Users can also make the most of 25 different resistance levels, while ergonomic handles allow for easy adjustment of body position to put maximum emphasis on the glutes, thighs or even switch it up so that the upper body is doing the brunt of the work.

Despite the price, there’s no fancy built-in screen here, with Technogym encouraging users to use their own tablet in the designated holder for connected workouts. That said, the beautiful 15.6-inch console offers read-outs on time elapsed, stairs climbed, cadence and distance covered.

Technogym also offers its own app for personalised training (with a subscription), while the unit itself plays nicely with pretty much any device that’s Bluetooth enabled, including Apple Watch for heart rate monitoring and automatic synching to Apple Health.

Key specs – Size: 162 x 65 x 160cm (LWH); Flywheel: Rear drive; Stride length: 48cm; Max user weight: 160kg

Check price at Technogym

10. Bowflex Max Total 40: Best connected cross trainer

Price when reviewed: £2,699 | Check price at Fitness Superstore

Bowflex Max Total 40 cross trainer

  • Best for… smart features galore
  • Not so great for… tight budgets

Designed to take up as little space as possible, the Bowflex Max Total 40 is an elliptical machine that’s more climber, such is its upright position and shorter stride length. That’s not to say it doesn’t deliver the same varied workout as larger units; Bowflex offers no less than six different handle and grip positions, alongside 20 resistance levels to target most muscle groups in the body.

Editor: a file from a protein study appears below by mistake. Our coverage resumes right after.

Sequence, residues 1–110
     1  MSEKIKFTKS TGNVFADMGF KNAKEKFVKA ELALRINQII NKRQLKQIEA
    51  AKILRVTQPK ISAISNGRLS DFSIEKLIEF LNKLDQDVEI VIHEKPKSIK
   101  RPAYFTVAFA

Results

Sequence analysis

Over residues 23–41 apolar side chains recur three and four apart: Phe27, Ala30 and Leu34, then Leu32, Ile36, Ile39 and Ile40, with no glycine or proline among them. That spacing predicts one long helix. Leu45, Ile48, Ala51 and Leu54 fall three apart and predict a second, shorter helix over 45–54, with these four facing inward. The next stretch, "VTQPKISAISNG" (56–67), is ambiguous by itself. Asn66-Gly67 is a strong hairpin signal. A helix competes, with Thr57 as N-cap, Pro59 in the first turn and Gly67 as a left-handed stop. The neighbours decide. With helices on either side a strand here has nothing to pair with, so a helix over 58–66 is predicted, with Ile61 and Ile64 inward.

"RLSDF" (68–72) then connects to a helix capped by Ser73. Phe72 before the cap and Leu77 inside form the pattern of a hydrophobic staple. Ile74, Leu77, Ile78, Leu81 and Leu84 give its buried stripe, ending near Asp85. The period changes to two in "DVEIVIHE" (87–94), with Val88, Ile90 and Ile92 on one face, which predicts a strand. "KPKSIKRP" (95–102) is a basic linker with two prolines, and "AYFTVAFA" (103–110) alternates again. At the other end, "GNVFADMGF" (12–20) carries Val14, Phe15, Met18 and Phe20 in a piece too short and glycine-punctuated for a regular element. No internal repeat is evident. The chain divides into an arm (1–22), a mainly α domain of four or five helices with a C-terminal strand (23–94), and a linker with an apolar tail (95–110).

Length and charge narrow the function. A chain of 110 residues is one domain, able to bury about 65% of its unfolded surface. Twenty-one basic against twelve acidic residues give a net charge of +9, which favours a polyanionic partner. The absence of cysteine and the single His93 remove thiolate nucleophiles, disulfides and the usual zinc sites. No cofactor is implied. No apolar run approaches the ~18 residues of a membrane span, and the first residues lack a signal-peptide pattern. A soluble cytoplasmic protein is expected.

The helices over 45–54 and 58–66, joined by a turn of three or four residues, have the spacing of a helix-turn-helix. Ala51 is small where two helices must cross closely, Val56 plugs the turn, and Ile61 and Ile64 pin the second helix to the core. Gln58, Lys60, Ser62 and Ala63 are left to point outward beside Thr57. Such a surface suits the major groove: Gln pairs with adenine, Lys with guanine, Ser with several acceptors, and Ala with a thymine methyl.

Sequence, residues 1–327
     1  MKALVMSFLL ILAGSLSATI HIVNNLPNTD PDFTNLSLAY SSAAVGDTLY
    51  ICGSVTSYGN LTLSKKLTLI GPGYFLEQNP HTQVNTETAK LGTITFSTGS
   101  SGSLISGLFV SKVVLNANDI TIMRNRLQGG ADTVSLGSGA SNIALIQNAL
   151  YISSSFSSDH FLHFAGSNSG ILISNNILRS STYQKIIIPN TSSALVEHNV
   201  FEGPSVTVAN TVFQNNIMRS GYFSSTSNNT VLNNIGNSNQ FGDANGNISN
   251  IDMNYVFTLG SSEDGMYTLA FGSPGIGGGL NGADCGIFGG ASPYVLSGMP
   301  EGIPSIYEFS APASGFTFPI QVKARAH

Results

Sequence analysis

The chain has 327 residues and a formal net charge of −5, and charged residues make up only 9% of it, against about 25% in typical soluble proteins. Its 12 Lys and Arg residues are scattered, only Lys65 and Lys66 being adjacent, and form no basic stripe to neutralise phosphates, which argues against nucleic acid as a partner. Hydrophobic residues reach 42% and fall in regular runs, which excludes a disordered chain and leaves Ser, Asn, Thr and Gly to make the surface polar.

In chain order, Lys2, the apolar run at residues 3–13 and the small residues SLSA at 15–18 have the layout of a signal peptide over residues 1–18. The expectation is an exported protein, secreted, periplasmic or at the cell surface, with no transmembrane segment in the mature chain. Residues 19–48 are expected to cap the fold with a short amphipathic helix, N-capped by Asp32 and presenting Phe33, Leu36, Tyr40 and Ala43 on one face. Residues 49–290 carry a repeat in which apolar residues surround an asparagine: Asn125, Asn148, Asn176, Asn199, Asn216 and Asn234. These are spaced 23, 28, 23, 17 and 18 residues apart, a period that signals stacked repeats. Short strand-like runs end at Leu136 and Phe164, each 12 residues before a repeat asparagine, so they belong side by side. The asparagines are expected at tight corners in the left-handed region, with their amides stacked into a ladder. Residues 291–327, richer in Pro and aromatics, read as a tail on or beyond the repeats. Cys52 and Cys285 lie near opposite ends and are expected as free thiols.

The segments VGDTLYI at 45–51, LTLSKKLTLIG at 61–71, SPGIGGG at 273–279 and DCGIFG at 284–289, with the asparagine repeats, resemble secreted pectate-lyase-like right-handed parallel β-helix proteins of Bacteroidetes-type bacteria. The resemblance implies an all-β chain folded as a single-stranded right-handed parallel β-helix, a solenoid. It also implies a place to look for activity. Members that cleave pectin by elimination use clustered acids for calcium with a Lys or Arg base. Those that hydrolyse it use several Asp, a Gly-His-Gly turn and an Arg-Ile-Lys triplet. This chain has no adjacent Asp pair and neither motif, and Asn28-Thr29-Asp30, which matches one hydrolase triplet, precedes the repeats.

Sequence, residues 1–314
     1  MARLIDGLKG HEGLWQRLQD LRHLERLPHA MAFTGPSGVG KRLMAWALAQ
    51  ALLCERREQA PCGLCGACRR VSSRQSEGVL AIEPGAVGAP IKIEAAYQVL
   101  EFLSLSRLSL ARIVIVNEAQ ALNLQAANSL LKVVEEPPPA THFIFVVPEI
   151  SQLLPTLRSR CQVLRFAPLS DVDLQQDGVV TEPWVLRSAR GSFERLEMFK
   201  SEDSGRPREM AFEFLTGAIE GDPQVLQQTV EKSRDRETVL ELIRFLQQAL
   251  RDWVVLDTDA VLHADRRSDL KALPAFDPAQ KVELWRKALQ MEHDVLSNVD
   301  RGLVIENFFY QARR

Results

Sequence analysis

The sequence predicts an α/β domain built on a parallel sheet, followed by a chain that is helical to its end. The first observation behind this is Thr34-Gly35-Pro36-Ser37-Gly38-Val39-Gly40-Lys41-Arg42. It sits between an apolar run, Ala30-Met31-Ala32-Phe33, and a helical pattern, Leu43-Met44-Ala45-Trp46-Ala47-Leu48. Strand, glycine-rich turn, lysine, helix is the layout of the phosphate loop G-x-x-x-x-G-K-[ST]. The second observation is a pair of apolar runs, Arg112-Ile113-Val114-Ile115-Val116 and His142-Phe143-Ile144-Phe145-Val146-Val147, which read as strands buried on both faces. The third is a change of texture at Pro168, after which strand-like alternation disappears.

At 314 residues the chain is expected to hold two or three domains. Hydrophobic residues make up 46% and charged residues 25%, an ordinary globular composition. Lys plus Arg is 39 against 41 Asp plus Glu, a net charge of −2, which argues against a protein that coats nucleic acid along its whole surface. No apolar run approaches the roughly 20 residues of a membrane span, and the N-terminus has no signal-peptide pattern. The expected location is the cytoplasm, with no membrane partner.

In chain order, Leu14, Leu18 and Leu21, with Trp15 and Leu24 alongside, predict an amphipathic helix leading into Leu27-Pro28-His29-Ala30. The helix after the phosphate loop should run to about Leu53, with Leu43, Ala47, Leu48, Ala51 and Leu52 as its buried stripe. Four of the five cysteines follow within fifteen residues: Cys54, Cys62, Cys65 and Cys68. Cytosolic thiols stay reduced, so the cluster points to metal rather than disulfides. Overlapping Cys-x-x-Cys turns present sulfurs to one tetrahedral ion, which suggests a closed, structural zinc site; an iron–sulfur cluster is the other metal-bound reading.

Working alongside JRNY, an on-demand fitness app that offers tailored classes for this machine, users can take advantage of a real-time instructor to get the most from a punishing interval training session. It’s free for two months with every purchase, but then costs £135 per year.

The app runs beautifully on the provided 16-inch HD touchscreen, although it also allows access to your favourite entertainment apps, such as Netflix, Disney+ and more.

Don’t fancy a sweaty HIIT session today? Fear not, as the JRNY app also offers 50+ virtual courses and stunning trails that automatically adjust your speed to the terrain on-screen, so it feels like you are hiking or climbing your way across the globe.

It’s an expensive unit, but the Bowflex Max Total 40 feels premium in every way, proves easy to transport and store, comes with a free heart-rate monitoring armband, and packs in a plethora of handy features, such as water bottle holders and USB charging ports for devices.

Key specs – Size: 125 x 78 x 166cm (LWH); Flywheel: Front drive; Stride length: Not given; Max user weight: 136kg

Check price at Fitness Superstore

How to choose the best cross trainer for you

What kind of cross trainer do I want?

Cross trainers tend to come in two styles: rear drive or front drive, which refers to where the flywheel is placed on the machine. Rear drive can make for a more stable machine and allows for a longer stride length that feels more like running. By comparison, front-drive machines can feel more like a stair-climbing machine as users lean forward.